President Barack Obama was declared the winner of Florida’s 29 electoral votes on Saturday, ending a four-day count with a razor-thin margin that narrowly avoided an automatic recount that would have brought back memories of the 2000 election.
No matter the outcome, Mr. Obama had already clinched re-election and now has 332 electoral votes to Republican challenger Mitt Romney’s 206.
The Florida Secretary of State’s Office said that with almost 100 per cent of the vote counted, Mr. Obama led Mr. Romney 50 per cent to 49.1 per cent, a difference of about 74,000 votes. That was over the half-per cent margin where a computer recount would have been automatically ordered unless Mr. Romney had waived it.
There is a November 16 deadline for overseas and military ballots but under Florida law, recounts are based on Saturday’s results. Only a handful of overseas and military ballots are believed to remain outstanding.
When reached by phone Saturday, Mr. Romney’s communications director Gail Gitcho said the campaign had no comment.
Mr. Obama’s win came in part from heavy support from African-American, Hispanic and younger voters. Exit polls conducted for The Associated Press showed that Mr. Obama was favoured by more than nine of 10 African-American voters and three of five Hispanic voters in Florida. The President also was the choice of two-thirds of voters under age 30.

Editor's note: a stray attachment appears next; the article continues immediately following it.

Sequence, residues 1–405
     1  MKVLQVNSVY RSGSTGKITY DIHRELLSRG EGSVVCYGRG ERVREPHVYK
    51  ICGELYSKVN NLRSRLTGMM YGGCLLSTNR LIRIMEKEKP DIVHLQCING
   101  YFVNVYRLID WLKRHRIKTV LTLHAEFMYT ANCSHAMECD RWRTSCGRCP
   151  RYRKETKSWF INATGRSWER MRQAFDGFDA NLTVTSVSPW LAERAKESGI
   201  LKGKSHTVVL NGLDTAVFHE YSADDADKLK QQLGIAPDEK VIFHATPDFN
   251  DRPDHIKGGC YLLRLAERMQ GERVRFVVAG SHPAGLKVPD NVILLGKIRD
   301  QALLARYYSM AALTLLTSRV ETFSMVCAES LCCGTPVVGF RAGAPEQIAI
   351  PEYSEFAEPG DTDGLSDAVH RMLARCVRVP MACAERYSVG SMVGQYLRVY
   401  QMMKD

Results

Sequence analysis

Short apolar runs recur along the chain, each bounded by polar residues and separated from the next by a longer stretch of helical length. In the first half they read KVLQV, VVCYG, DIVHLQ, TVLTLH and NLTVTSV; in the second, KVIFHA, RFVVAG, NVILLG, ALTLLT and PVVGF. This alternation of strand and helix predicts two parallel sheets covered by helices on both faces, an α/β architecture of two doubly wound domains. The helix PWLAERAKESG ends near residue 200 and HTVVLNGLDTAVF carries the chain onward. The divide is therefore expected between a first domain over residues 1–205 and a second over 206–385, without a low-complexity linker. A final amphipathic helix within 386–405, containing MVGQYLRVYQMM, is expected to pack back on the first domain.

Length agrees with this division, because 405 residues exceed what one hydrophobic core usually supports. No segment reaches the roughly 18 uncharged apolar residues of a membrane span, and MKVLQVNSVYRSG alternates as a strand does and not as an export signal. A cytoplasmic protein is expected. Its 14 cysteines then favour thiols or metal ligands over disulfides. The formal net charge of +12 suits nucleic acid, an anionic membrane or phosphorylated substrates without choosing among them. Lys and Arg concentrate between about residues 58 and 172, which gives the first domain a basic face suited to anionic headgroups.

If there had been a recount, it would not have been as difficult as the lengthy one in 2000.
The State no longer uses punch-card ballots, which became known for their hanging chads. All 67 counties now use optical scan ballots where voters mark their selections manually. Republican George W. Bush won the 2000 contest after the Supreme Court declared him the winner over Democrat Al Gore by a scant 537 votes.
The win gave Mr. Obama victories in eight of the nine swing states, losing only North Carolina. In addition to Florida, he won Ohio, Iowa, New Hampshire, Wisconsin, Virginia, Colorado and Nevada.